This could be worth as much as 20 - 35 million additional dollars in sales, because these corner condos with a square footage of say 2500 square feet, would be prime spaces looking Northeast.

All of this would represent a humongous windfall gift to Mr. Kauderer and his partners, courtesy of the citizens of the City of Miami.

How sweet is that!?!


The simplest and most misleading argument that’s been put forward in trying to get both the City of Miami’s Planning, Zoning and Appeals Board and the City Commission to approve this deal is that the developer is willing to trade the City a piece of property that’s approximately 3000 sq. foot, for a piece of property that’s approximately 2900 sq. foot.

The implication is that both of these pieces of property are of equal value because they are approximately the same size.

I believe that I have established above that these two pieces of property are far from being anywhere near equal in value.  To believe that they are would be the same as trying to argue that a one pound bag of shit, and a one pound T Bone steak both have the same economic value because they both weigh one pound.

Kauderer and his partners could have come in offering to trade the entire 8000 sq. foot portion of the property which is now being converted into the temporary park, which would probably have been a more palatable offer for at least some of the folks on the board, who expressed concerned about the lack of open space in the Mary Brickell area as a result of the continuing development in the area.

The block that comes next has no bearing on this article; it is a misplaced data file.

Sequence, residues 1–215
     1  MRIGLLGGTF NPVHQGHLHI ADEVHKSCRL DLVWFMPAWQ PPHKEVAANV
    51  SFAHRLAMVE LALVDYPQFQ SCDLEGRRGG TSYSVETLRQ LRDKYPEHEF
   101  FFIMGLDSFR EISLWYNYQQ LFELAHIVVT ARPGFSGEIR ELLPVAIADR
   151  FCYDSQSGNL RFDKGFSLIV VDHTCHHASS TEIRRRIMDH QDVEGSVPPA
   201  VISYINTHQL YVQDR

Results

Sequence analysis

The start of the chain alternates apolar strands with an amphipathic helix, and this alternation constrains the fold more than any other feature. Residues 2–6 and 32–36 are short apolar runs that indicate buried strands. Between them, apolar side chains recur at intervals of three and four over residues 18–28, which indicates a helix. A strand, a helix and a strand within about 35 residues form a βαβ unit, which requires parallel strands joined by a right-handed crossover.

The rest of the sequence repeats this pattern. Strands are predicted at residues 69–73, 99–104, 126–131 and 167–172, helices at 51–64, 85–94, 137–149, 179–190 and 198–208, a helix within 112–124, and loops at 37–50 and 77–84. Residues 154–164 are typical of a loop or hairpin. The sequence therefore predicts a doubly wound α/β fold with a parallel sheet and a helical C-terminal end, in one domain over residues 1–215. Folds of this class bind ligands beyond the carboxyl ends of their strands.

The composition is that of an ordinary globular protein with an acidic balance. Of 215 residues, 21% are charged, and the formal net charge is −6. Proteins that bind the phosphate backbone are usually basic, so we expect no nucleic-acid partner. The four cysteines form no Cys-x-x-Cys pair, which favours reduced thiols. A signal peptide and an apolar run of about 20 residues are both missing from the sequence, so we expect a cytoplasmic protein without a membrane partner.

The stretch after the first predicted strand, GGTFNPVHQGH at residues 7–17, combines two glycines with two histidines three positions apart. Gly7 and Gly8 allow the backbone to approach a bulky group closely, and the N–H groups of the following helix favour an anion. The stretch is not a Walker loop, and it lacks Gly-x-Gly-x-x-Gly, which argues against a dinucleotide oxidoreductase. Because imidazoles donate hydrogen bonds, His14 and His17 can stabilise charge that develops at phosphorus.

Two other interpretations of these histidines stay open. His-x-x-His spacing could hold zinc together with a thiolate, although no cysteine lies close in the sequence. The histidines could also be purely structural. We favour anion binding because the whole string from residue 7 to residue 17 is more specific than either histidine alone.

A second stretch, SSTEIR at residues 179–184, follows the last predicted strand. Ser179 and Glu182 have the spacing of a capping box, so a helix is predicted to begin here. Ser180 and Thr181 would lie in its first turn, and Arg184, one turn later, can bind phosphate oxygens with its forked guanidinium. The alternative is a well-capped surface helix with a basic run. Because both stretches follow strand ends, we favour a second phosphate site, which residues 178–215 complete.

Consider that directly across the street from where the unfinished temporary park sits, another monster condo building called 1100 MILLECENTO is currently beginning construction.

When you combine this building, and the 46 story condo tower that Kauderer and his partners want to build across the street, this will completely fill in all but one last parcel of land that borders SE 8th Street between Miami and NE 1st Avenue in the Mary Brickell area.

That is a huge concentration of high-rise condos, office buildings and retail space in an area with so little open space, and streets never designed to accommodate so much car and foot traffic.

Even the unethical, corrupt hypocrite Marc Sarnoff, who claims to be the “Parks” Commissioner, and whose fingerprints are clearly visible in the back-alley activities that have become part of the effort to get this deal going would have to agree that the single most important issue facing the Mary Brickell area is protecting ALL of the current available open land possible.


At the meeting last week, I had an opportunity to speak during the Public Forum, and I argued that the board should not approve this deal.

My argument was that if the board should consider selling the Allan Morris Brickell Park for real money, instead of engaging in this bogus land swap.

The response that I got was that the City couldn’t sell the land, but there is absolutely nothing to stop the city from engaging in the following deal.